Both the Iraq minister and the article make it sound like there’s day-to-day control of the production, which there isn’t – natural decline would look no different to what has been happening.

  19. Energy News says:

    Just been having a look at Norway’s forecasts. They give a new forecast every December.

  20. George Kaplan says:

    Looks like Irma is going to miss the GoM and Texas, so no oil supply disruption, but might be heading towards Washington DC or New York.

    • Hightrekker says:

      East Coast impact is getting more likely.
      Small chance of GOM, as it has been going further west than expected.

      • George Kaplan says:

        Hard to imagine a trajectory with potential to cause more damage than the present one – Washington, Philadelphia, New Jersey Suburbs, NYC, maybe Boston, East Coast Canada – all in it’s sights – and could be them all not just one. Hopefully it will swing out to sea, I think they often do. The East Coast is due gas shortages next week as Harvey impact is seen, I wonder what that will do to any evacuation orders? This should probably be on the other post but you have to reckon with the Jarsier over there.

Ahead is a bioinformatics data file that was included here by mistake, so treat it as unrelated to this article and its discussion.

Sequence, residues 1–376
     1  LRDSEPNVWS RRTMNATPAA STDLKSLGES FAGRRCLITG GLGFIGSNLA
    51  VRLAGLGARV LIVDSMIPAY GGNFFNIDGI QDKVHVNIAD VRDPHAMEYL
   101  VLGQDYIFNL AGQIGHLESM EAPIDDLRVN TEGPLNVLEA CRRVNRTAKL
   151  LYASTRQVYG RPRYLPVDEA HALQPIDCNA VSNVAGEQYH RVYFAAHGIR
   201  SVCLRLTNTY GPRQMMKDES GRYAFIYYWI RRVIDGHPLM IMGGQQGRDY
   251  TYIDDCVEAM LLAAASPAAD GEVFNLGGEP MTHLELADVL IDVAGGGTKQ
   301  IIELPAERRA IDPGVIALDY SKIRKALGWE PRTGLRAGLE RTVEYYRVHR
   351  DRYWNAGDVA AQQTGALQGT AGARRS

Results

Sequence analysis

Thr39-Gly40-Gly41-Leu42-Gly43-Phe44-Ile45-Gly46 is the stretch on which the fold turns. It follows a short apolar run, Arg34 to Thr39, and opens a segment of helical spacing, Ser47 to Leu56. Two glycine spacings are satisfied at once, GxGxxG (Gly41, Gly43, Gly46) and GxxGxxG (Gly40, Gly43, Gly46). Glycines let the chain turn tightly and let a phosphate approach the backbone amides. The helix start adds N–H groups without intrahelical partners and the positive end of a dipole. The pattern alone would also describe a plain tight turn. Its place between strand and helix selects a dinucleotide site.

• George Kaplan says:

          This is the weatherunderground track ensemble.

          • Hightrekker says:

            EURO just came in with things a bit more east.
            Could even be a fish storm.
            Will know a lot more by Tuesday.

            • George Kaplan says: